Keep it in the family – making your money work
Independent financial advisor Gavin Smart looks at what you can do to secure your hard earned assets.
The last thing that you want is for all your hard earned cash and assets to be lost to Inheritance Tax so it is important to ensure that you consider options to reduce or even eliminate your Inheritance Tax payable. Intergenerational planning helps you put financial measures in place that will benefit your children, and possibly even your future grandchildren, so it’s important to start planning early.
You may want to keep an element of control when passing on your assets. You may want your money to be used for a particular reason, such as paying for school or university fees or for a first property deposit, or you may just want to make sure your money stays within the family. Without appropriate provision, Inheritance Tax (IHT) could become payable on your taxable estate that you leave behind. Your taxable estate is made up of all the assets that you owned, the share of any assets that are jointly owned, and the share of any assets that pass automatically by survivorship. Careful planning can reduce or even eliminate the IHT payable.
IHT is not payable on the first part of the value of your estate – the ‘nil-rate band’. The nil-rate band is currently £325,000. If the total value of your estate does not exceed the nil-rate band, no IHT is payable.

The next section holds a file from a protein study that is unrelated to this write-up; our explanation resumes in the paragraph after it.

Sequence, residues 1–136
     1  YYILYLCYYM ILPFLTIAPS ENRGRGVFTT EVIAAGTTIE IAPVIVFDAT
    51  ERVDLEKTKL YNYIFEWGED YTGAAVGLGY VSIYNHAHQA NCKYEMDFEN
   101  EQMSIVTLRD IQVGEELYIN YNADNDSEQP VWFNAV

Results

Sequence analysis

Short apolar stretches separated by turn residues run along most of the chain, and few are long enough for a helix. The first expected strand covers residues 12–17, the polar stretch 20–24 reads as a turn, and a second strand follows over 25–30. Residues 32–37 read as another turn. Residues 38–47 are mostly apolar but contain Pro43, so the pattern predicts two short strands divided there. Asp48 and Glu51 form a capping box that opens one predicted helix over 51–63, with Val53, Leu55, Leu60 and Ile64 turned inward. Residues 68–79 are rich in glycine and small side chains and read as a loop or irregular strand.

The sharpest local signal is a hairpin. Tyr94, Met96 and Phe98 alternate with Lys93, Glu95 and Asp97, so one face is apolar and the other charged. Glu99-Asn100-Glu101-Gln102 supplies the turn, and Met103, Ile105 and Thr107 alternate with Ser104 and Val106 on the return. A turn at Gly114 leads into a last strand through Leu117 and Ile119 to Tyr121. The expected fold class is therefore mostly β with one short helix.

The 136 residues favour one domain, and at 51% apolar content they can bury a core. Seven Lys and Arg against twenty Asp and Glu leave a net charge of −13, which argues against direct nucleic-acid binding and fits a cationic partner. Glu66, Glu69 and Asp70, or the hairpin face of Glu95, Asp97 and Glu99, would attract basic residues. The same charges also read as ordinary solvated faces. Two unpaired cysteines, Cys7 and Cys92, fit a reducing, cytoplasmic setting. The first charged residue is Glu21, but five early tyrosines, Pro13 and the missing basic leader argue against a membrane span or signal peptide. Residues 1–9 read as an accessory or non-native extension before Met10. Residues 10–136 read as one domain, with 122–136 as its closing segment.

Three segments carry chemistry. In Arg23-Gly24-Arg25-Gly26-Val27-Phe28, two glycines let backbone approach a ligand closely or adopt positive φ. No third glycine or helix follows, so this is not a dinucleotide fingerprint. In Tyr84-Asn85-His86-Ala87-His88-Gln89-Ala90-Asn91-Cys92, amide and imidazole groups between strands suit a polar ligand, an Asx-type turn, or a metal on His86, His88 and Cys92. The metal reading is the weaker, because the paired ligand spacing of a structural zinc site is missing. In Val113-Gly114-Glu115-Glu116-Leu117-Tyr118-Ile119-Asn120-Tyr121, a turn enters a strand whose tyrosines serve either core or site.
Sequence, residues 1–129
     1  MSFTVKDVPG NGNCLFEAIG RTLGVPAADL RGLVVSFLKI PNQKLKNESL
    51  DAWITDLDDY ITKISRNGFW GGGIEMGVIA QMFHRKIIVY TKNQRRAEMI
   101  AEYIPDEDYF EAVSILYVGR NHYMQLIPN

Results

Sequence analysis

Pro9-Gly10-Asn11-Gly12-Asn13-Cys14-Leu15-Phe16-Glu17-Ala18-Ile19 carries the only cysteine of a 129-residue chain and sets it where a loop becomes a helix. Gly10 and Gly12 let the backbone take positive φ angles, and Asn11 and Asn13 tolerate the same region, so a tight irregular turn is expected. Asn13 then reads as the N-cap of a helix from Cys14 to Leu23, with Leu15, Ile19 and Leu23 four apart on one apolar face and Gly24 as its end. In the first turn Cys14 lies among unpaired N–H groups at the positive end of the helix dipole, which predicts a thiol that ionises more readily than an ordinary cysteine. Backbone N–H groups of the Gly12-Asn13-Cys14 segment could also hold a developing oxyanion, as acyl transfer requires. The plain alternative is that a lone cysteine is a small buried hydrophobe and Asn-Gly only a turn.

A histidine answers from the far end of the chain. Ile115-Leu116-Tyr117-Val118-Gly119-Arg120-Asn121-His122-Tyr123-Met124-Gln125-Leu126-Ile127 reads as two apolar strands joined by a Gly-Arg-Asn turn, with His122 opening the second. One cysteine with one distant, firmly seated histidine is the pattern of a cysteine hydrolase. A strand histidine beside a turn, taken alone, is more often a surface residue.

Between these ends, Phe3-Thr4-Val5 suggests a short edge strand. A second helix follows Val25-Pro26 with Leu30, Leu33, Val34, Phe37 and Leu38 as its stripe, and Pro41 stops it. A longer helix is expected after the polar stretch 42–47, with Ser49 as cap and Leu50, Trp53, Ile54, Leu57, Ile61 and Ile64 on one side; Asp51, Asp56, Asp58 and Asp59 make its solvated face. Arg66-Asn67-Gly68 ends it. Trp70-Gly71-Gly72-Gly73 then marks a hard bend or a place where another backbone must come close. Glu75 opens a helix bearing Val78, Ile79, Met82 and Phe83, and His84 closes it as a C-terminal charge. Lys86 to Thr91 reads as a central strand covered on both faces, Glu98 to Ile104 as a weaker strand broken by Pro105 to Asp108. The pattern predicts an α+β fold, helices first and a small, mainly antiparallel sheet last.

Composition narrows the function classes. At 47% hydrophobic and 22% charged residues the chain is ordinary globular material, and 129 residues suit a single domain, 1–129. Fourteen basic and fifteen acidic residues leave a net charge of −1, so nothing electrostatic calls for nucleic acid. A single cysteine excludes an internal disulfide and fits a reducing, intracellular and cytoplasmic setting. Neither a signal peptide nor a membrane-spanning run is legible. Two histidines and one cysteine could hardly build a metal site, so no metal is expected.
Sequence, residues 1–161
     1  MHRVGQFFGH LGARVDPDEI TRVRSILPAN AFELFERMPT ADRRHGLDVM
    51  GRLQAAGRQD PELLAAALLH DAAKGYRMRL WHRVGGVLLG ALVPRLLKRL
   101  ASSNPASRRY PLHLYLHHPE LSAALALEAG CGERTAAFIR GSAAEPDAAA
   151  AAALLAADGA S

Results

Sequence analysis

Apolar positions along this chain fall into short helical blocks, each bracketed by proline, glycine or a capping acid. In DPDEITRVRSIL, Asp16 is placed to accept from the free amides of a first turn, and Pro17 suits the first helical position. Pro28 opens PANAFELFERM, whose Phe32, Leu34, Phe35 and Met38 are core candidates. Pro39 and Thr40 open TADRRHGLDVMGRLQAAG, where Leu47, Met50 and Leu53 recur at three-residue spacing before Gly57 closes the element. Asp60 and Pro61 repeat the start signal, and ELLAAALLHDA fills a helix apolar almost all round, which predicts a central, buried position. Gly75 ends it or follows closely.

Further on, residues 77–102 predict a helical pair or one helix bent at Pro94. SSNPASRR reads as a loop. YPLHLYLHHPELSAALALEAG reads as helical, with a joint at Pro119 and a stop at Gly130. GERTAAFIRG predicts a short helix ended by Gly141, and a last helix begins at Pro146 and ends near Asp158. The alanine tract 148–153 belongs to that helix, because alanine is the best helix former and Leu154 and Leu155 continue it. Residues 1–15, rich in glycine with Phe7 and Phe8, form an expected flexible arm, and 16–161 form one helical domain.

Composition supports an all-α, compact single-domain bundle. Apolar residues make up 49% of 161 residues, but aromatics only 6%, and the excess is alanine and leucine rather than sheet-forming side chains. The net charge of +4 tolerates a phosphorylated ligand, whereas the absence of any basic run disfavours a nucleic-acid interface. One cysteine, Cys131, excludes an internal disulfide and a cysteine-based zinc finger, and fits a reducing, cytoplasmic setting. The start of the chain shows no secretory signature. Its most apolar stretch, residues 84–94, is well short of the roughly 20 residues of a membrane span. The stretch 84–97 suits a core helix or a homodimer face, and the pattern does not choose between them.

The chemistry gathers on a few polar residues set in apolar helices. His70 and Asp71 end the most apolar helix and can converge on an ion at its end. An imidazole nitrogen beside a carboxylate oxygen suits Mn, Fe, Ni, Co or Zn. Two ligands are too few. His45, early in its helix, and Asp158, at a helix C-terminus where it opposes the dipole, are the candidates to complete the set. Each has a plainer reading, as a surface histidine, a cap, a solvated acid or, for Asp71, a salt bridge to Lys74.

Leave your interest in the family home
Commencing 6 April 2017, an additional ‘residence nil-rate band’ (RNRB) allowance was introduced if you leave your interest in the family home to direct descendants (such as children, step-children and/or grandchildren). This only applies to your main home but can be available even if that home had been sold after July 2016.
The RNRB is being phased in gradually. For the 2018/19 tax year, the maximum additional allowance is £125,000, increasing your total IHT allowance to £450,000 (£900,000 for a married couple). The maximum allowance will rise by £25,000 each tax year until it reaches £175,000 in 2020. This will give you a potential total IHT allowance of £500,000 or £1 million for a married couple. For estates worth more than £2 million, the tax relief is tapered away.
Legitimate reduction of IHT
There are legitimate ways to plan to reduce the amount of IHT you may have to pay. We can advise you on the many ways that you may mitigate any exposure which could include:
• making a Will
• making lifetime gifts
• leaving a proportion to charity
• setting up a trust
• making contributions into a pension
• investing in assets that are IHT free
Whatever your plans are for later life, make sure you review your financial position and put plans into place to ensure that your assets are protected for the future. Contact Gavin today to discuss your plans and objectives.
FB Wealth Management Limited is authorised and regulated by the Financial Conduct Authority. The Financial Conduct Authority does not regulate advice on Trusts, Taxation or Will writing Services.
INFORMATION IS BASED ON OUR CURRENT UNDERSTANDING OF TAXATION LEGISLATION AND REGULATIONS. ANY LEVELS AND BASES OF, AND RELIEFS FROM, TAXATION ARE SUBJECT TO CHANGE.